Advice Sought – Paris to Roubaix

As Joe mentioned so eloquently yesterday, I am planning on doing a Roubaix-style race this Sunday.  This will be my first race in such an event (I’ve never done any kind of road racing), and would appreciate any advice, tips, or tricks my fellow racers might be able to provide.

First question… tires.  I have thrown some of these puppies on: Challenge Parigi Roubaix clinchers.  They are pretty wide, with a chevron-style tread.   But the forecast for Sunday is rain.  If it ends up being wet, should I go with my Michelin Mud 2 CX tires instead?  And what pressure should I run?

Second question… repair kit.  I was going to bring two spare tubes, a patch kit, and a pump.  What else should I bring (there will be no support vehicles or stations)?  Chain tool?  Multi-tool?  Really, if I have a major mechanical, I was thinking the only really important tool would be a cell phone to call someone to pick me up.

Apparently the group gets pretty fractured (everyone from elite to me start at the same time).  How do I make sure I don’t end up racing by myself, or in too slow of a group (I know, unlikely scenario)?

Helmet… is it lame to wear a visor in such a race?  Help me to not to look like a dork.

That’s all I can think of… any other wisdom you can impart?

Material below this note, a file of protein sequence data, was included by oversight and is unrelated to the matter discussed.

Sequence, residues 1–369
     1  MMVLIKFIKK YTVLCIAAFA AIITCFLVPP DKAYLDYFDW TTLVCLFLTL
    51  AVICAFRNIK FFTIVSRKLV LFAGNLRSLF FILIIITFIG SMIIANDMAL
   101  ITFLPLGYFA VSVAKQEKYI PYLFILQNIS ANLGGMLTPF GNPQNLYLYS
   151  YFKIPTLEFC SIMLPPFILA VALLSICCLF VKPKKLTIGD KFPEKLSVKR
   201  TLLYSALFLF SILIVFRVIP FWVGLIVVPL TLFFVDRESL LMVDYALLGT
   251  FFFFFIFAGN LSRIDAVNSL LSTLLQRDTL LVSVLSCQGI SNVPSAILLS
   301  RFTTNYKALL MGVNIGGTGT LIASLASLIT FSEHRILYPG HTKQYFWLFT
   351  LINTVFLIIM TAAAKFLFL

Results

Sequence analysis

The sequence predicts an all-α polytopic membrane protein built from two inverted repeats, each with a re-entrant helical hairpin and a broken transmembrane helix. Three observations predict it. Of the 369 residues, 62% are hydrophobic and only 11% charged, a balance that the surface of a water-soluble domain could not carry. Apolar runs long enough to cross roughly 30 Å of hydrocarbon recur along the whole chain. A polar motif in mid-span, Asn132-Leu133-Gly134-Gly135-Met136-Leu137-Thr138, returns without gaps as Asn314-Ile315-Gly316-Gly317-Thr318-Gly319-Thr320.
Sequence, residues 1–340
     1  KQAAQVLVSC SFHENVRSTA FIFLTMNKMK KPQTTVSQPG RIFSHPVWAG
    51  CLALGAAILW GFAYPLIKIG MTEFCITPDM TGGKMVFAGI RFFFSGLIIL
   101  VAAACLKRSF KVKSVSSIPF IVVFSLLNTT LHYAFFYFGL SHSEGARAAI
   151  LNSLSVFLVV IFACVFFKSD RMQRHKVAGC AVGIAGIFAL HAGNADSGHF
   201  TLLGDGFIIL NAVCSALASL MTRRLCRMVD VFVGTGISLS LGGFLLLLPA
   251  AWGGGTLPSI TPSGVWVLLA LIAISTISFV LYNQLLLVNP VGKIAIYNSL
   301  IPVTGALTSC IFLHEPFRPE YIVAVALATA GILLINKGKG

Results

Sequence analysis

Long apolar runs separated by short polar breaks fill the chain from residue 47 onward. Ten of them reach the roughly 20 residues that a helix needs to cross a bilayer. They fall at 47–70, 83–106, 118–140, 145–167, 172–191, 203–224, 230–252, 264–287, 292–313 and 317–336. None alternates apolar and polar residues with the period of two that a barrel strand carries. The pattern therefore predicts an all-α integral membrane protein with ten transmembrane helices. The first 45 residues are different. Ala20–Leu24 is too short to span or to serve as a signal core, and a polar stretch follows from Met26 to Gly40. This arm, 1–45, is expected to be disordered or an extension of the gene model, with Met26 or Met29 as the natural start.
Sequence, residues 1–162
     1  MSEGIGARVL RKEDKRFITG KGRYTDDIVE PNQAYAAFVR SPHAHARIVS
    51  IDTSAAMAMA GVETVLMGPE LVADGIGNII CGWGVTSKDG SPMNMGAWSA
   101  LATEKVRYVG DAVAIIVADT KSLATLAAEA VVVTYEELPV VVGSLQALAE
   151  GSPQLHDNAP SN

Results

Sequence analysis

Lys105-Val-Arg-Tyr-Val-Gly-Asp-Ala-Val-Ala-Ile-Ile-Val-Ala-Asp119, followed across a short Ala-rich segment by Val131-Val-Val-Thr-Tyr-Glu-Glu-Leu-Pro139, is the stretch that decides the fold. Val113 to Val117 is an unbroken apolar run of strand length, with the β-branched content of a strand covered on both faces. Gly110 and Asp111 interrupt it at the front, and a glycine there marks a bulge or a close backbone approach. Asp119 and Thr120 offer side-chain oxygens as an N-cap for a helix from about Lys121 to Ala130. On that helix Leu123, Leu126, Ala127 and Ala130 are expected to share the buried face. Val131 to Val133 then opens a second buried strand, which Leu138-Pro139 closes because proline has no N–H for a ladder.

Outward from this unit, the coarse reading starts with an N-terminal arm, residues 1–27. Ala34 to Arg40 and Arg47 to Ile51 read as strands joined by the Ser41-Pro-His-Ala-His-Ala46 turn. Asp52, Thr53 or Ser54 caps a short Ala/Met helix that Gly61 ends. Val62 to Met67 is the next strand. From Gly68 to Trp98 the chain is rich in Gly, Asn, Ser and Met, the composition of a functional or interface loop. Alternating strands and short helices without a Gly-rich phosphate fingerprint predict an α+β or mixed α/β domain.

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2 responses to “Advice Sought – Paris to Roubaix

  1. John,
    As far as tires go, I think it depends on the proportion of pavement to potential slick mud. If the course is more than 75 percent pavement or equivalent, id likely go with the tires you have mounted. However, this depends on just how slick and sticky the potentially slick and sticky section have the potential to be, potentially. Given what I’ve seen of those tires, and that you already have good off-road bike handling skills, my instincts say stick with the Challenge Parigi Roubaix clinchers. I would pump them up to their max, though i’m not really sure that’s good advice, but it’s what i’d do.

    I hate not finishing a race, so I’d bring everything i need to keep my bike rolling to the finish line. Remember, it’s an open race that will have elite riders, you are likely not going to win, so you are there for the experience and a good training ride. You aren’t getting either if your on the side of the road, hitching a ride.

    Its a lot easier to bridge a gap between you and the peloton if the peloton is behind you. Generally these rides start fairly slow and build momentum, with sudden surges. Try to stay in the top third of the peloton; this way if an attack breaks out, you have the choice of going with it. If it turns out you can’t stay with the group you are with, no problem, just sit up, rest, and wait to catch the chase group. If you ride in the back third, you will miss the attack group, and bridging probably won’t be an option.

    Visors on your helmet are considered totally dorky, however, visors on those metrosexual little hats roadies wear under their helmets are totally cool. Mostly though, in cyclocross-type events, it’s all cool.

    Have fun, try an early break just to say you did it. when you see the group is gaining on you, sit up and catch your breath so you have the strength to hang in the draft when they catch you.

    Good luck, have fun.

    • Thanks for the advice… especially on where to be in the peloton. As for the “don’t be a quitter” pep talk… I will do my best.

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